Margins for error and sensitivity: What Nozick might have said [Book Review]

Acta Analytica 24 (1):17-31 (2009)
Abstract
Timothy Williamson has provided damaging counterexamples to Robert Nozick’s sensitivity principle. The examples are based on Williamson’s anti-luminosity arguments, and they show how knowledge requires a margin for error that appears to be incompatible with sensitivity. I explain how Nozick can rescue sensitivity from Williamson’s counterexamples by appeal to a specific conception of the methods by which an agent forms a belief. I also defend the proposed conception of methods against Williamson’s criticisms
Keywords Anti-luminosity  Externalism  Internalism  Nozick  Sensitivity  Williamson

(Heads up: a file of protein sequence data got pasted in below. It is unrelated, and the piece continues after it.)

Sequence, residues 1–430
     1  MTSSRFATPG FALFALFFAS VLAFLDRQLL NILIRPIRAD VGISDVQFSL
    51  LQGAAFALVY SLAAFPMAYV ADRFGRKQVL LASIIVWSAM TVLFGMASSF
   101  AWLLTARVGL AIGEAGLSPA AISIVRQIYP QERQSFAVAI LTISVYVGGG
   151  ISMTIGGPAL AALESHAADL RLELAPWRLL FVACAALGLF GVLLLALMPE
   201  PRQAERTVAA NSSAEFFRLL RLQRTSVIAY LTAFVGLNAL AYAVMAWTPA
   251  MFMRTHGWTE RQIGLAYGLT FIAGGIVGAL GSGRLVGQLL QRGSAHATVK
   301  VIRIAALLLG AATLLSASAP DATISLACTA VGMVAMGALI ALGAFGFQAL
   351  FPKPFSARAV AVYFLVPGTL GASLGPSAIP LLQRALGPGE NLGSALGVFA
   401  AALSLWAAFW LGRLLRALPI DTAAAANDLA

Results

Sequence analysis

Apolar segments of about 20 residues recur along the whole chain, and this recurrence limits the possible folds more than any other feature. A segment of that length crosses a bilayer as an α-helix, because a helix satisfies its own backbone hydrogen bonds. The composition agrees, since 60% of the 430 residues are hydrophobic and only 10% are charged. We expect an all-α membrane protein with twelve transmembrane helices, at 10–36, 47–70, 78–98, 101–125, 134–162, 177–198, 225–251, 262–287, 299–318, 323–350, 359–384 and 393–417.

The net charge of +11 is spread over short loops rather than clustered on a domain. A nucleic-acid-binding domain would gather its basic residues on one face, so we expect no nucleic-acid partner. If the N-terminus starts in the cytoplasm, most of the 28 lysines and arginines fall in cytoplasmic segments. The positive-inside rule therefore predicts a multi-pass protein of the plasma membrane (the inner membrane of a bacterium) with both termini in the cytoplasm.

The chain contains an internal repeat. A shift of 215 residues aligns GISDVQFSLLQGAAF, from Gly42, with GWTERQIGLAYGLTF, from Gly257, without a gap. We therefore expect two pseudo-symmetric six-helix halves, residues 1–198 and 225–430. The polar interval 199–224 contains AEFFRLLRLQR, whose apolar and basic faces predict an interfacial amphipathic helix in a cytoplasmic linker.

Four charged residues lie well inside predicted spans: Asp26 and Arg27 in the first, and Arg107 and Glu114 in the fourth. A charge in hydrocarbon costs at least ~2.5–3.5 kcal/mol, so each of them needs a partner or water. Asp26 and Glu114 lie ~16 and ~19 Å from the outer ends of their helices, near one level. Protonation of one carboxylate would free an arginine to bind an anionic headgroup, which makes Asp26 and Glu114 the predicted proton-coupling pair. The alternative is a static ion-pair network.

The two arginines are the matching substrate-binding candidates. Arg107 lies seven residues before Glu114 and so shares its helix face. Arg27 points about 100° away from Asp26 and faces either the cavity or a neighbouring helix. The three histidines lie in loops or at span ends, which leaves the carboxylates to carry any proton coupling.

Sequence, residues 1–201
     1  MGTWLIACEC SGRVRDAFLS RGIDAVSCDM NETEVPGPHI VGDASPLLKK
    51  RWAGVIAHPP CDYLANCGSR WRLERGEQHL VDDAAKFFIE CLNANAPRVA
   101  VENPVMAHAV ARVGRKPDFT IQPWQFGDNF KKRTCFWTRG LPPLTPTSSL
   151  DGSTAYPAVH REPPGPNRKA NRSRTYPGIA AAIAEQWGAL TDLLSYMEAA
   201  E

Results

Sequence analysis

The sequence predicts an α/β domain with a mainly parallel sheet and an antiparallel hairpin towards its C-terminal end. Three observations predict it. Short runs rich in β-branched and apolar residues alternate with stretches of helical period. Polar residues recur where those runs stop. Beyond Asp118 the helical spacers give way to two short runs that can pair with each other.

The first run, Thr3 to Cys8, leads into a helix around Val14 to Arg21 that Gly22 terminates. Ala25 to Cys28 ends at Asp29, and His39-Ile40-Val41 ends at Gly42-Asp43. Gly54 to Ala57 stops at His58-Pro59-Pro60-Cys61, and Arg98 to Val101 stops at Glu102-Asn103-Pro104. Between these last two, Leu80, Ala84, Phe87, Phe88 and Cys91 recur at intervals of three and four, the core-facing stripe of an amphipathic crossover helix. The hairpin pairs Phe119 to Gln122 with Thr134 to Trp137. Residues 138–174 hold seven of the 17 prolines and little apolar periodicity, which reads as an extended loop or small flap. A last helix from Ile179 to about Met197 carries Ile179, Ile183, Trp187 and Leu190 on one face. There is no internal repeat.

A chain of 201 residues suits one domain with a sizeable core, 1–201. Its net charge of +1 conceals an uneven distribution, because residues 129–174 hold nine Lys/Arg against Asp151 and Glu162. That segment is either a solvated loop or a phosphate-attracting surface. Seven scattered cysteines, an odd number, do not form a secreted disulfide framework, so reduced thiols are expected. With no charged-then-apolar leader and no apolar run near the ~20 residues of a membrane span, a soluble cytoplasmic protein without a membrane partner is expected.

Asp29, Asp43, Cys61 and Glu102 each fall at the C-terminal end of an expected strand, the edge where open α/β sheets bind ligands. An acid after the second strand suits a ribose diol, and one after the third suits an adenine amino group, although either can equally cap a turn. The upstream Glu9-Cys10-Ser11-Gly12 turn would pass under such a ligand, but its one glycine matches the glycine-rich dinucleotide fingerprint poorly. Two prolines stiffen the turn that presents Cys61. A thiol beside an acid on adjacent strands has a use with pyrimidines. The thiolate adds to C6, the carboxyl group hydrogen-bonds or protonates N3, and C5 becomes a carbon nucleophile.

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DOI 10.1007/s12136-008-0042-0
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References found in this work BETA
Knowledge and its Limits.Timothy Williamson - 2000 - Oxford University Press.
Philosophical Explanations.Robert Nozick - 1981 - Harvard University Press.
Reason, Truth, and History.Hilary Putnam - 1981 - Cambridge University Press.
Solving the Skeptical Problem.Keith DeRose - 1995 - Philosophical Review 104 (1):1-52.

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Citations of this work BETA
Sensitivity and Higher-Order Knowledge.Kevin Wallbridge - forthcoming - Pacific Philosophical Quarterly.
Epistemology Extended.Christoph Kelp - 2014 - Philosophical Issues 24 (1):230-252.
Taking Things for Granted: Comments on Harman and Sherman.Thomas Kelly - 2011 - Philosophical Studies 156 (1):141-147.

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